DSpace User Group Meeting 2007
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Terry Catapano

Plazi.org: Using DSpace as a Repository of Species Descriptions (Poster)

Plazi.org; Columbia University

American Museum of Natural History

University of Karlsruhe

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     Last modified: October 26, 2007

The goal of the DSpace installation at plazi.org is to demonstrate how the corpus of texts covering the descriptions of the world's species can be assembled into a digital repository for stable, long term access. In this presentation we will focus on our deployment of DSpace working in combination with a community based text mark up tool (resulting in an XML encoded version of the original scanned or electronically published document) as well as a web service allowing to extraction of individual descriptions from within the body of publications.

The published record of biological systematics, including the descriptions of the world's 1,8 million species has some unique characteristics. The scientific naming of species is regulated by Codes and thus the publications are quasi legal documents. Descriptions remain relevant for a very long time, even if they are complemented by more comprehensive ones. Additionally, access to existing descriptions is vital for the understanding not only the 1,8 million known species, but also of the yet to be described 20+ million. Valid treatments for animals, for example, span back to 1758, and include perhaps more than 10M pages, of which almost all are only available in hard copy. Taxonomic treatments are as well highly structured documents and very rich in data. A wealth of important morphological descriptions and data, geographic distribution data, bibliographical references, and more resides latent in the taxonomic literature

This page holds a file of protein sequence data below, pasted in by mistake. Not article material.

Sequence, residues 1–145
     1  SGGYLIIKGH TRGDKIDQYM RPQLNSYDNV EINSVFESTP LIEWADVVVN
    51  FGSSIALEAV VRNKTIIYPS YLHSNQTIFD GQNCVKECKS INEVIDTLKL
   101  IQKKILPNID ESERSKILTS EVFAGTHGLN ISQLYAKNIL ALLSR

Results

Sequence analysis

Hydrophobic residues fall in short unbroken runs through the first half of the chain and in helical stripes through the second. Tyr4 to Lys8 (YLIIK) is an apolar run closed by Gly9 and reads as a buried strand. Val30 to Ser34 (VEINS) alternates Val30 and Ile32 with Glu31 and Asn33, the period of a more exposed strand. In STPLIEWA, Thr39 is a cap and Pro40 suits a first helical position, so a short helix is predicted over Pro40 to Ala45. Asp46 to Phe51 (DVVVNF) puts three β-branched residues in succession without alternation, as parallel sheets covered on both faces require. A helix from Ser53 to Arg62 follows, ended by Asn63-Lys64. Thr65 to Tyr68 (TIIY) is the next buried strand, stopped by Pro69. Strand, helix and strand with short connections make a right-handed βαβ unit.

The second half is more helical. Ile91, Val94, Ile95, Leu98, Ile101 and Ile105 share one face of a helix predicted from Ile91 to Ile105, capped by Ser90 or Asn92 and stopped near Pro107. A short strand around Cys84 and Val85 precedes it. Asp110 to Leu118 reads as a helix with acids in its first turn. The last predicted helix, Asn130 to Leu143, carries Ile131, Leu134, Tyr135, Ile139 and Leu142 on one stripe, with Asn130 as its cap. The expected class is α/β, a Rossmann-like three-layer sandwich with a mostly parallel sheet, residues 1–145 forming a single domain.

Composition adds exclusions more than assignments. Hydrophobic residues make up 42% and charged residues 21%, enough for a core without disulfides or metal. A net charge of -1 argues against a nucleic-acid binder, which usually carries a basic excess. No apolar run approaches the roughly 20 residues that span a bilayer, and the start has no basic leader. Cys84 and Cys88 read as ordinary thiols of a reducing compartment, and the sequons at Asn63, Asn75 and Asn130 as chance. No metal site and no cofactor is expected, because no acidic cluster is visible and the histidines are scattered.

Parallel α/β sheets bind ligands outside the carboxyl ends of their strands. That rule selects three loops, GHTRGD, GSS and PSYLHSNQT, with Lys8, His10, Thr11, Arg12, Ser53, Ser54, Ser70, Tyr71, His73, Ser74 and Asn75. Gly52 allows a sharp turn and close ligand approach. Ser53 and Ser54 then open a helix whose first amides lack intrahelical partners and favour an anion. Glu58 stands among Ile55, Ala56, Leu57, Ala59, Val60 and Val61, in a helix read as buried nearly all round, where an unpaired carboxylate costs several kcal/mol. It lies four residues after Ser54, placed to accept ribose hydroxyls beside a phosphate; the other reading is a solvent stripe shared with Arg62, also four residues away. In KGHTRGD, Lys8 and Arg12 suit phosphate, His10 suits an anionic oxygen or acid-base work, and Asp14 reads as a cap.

Items in the repository are made up of several files. A PDF is usually available, but in many (given enough time and resources, all) cases another representation of the publication, encoded in the XML schema TaxonX is provided. The encoding opens up the treatments, exposing the data contained within to extraction, data mining, analysis fo r a variety, and other purposes. Since the mark-up process is a slow and expensive and involves the knowledge of the systematics domain, a community mark up server is added, so that interested parties can not only upload new pdf documents, but download and enhance the documents in discrete well defined steps towards valid taxonx documents. Similarly, other applications can build upon the foundation provided by the DSpace repository, such as a search/retrieval interface oriented towards the needs of the Systematics domain, and integrate into the wider and growing Systematics, Conservation, and Biodiversity cyberinfrastructure.

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